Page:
Time for Sweeping Changes to Re-energise Abysmal England

Posted: Friday, January 3, 2014 by Laura in Labels: , , , , , , , , ,

England's latest Ashes calamity in Melbourne means the time has come for wholesale changes to be made to an ageing side that has simply had its day.

England headed into the current five-game series full of confidence that they could again successfully defend the Ashes they won on home soil against what was thought to be just an average Australia side supposedly with plenty of problems. But how wrong has that prediction been made to look?

It has been a completely one-sided series so far with England's camp being affected by injury (Stuart Broad), withdrawals (Jonathan Trott), an unexpected retirement (Graeme Swann), wretched form with both the bat and ball and some questionable selection and captaining issues.

All of these things have combined to leave the tourists staring at a totally-unexpected 5-0 whitewash in the Aussies favour and many Ashes pundits now are suggesting it is time to break up a team that has enjoyed significant success over the past decade.

All good things come to an end and it appears for a good chunk of what has been rightly a celebrated England side, it's now the end of the line - or it will be after the final Sydney Test.

Some will say that is a harsh judgement but so bad have all aspects of Andy Flower's side's performances been down under that only a rigorous examination of what has gone wrong preceding big changes is what's now required for England to rise again - and that may mean Flower himself is also given the axe.

The coach has said he will review his position at the end of the failed series and the murmurs are that he will either decide to quit or, more likely, be shown the door with England needing a new direction under a new leader. 

Flower has been brilliant for the country but sometimes freshening things up is what is required and there is a case to be made that, under Flower, he and the squad have now become stale.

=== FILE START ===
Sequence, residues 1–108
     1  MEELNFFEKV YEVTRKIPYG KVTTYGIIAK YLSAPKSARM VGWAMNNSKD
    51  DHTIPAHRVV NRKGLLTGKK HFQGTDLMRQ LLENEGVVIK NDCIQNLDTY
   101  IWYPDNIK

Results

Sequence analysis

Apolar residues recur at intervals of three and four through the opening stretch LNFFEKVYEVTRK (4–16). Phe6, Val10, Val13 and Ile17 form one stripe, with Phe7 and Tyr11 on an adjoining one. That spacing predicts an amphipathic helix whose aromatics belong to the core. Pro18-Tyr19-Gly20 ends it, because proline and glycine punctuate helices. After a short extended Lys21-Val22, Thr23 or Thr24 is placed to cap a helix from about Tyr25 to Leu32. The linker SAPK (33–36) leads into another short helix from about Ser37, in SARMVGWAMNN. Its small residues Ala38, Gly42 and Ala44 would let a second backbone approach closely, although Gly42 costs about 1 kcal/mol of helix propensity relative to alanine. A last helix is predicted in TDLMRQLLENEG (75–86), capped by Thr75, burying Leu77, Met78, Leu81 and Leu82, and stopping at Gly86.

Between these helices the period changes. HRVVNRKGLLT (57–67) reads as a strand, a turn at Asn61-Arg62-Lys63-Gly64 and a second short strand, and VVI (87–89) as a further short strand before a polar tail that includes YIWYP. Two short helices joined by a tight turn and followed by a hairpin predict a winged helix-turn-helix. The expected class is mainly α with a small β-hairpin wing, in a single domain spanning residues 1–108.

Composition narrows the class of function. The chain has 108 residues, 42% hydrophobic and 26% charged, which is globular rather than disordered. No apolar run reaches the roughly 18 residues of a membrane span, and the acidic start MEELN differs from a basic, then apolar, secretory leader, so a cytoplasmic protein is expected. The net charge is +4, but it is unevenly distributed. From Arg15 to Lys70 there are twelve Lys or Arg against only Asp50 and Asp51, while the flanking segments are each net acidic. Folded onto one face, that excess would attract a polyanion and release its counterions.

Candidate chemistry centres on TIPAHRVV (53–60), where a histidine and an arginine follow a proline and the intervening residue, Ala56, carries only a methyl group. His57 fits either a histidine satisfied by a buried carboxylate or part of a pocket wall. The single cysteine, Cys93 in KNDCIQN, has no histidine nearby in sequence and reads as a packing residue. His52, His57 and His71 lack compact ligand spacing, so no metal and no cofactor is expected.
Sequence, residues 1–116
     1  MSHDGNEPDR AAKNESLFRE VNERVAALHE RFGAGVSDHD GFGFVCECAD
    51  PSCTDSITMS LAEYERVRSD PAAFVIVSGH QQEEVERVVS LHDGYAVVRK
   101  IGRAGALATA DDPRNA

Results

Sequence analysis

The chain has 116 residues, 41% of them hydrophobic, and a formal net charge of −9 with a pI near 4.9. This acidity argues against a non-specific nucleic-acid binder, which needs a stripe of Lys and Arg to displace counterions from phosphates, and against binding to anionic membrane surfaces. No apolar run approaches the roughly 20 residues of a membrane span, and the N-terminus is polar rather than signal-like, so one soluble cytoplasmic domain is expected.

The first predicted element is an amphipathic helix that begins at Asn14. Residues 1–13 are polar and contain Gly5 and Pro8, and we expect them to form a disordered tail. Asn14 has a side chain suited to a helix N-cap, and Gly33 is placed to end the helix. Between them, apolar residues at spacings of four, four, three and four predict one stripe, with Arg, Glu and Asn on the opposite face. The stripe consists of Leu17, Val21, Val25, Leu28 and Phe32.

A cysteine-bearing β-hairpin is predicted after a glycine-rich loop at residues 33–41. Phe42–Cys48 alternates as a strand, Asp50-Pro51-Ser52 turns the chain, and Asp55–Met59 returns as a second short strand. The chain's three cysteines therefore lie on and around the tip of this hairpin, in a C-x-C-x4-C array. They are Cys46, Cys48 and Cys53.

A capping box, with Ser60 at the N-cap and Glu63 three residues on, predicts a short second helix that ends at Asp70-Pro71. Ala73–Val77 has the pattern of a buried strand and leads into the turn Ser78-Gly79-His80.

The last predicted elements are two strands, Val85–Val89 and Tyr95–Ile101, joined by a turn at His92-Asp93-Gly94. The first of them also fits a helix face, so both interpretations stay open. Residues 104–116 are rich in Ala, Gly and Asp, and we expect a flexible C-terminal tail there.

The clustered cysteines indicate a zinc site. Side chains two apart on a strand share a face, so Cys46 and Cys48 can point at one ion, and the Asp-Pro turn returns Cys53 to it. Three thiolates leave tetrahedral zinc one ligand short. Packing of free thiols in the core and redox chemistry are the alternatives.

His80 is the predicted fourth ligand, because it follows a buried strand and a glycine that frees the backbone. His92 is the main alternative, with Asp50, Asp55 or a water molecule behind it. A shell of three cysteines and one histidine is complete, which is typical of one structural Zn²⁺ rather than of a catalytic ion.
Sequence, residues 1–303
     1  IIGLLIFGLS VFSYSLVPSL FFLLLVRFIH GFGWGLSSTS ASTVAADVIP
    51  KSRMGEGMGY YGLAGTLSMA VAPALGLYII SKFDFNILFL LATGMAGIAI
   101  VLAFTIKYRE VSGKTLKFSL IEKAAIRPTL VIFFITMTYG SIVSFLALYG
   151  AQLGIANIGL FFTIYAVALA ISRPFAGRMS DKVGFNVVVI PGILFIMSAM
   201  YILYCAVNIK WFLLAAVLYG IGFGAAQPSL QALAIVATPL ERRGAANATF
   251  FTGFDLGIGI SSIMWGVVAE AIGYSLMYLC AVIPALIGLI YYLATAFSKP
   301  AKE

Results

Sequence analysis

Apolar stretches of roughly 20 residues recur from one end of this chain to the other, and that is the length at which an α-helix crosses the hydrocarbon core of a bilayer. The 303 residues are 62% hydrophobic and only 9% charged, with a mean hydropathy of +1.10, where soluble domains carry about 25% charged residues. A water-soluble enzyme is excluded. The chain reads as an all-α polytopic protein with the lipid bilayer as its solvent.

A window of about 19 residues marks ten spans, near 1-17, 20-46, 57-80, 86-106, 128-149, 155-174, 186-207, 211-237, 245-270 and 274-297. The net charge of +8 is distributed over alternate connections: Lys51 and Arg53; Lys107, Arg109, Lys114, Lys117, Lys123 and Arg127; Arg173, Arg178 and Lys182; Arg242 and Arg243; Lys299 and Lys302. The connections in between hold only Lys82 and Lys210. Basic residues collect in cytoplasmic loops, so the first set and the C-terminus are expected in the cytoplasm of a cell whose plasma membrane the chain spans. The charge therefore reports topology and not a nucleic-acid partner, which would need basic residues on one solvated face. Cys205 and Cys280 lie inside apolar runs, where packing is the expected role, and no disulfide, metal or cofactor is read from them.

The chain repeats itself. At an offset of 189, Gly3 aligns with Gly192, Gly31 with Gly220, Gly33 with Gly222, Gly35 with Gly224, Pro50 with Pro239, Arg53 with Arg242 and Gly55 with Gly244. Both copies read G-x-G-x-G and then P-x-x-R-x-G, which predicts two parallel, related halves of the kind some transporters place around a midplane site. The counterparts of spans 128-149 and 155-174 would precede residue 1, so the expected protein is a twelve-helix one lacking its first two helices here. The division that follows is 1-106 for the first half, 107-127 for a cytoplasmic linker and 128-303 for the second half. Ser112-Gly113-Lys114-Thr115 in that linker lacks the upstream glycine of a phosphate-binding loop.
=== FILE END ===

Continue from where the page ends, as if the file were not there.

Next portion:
Then there's the question of Cook. Undoubtedly, on his day, he is an excellent batsman but he appears too weighed down with captaining the side to perform at his best. There should still be a place for him in the side moving forward provided he regains his form, but it might be time to relieve him of the skipper's role to concentrate on his own game instead. 

Stuart Broad would be seen as the ideal candidate by cricket fans while Trott, if he recovers from illness, could also step up. Cook's tactical ability has been rightly questioned and found wanting in Australia while several well-placed pundits suggest he is not a man able to inspire and lead others when the going gets tough in the heat of an Ashes battle.

Both Flower and Cook have indicated, at the minute at least, that they do want to stay on in their key roles but their defiant stance may change if Australia do indeed go on to inflict an embarrassing 5-0 whitewash.

Sadly for the likes of Michael Carberry, a woefully out-of-form Matt Prior and even the wildly unpredictable Kevin Pietersen they may too be told their international careers are over with the ECB instead deciding to build a new side around the promising Joe Root, Jonny Bairstow and Ben Stokes.

Whatever the ramifications end up being following the dismal tour, changes aplenty are needed to revive an England side that has so badly and so quickly lost its way.

Image by Peter Meade.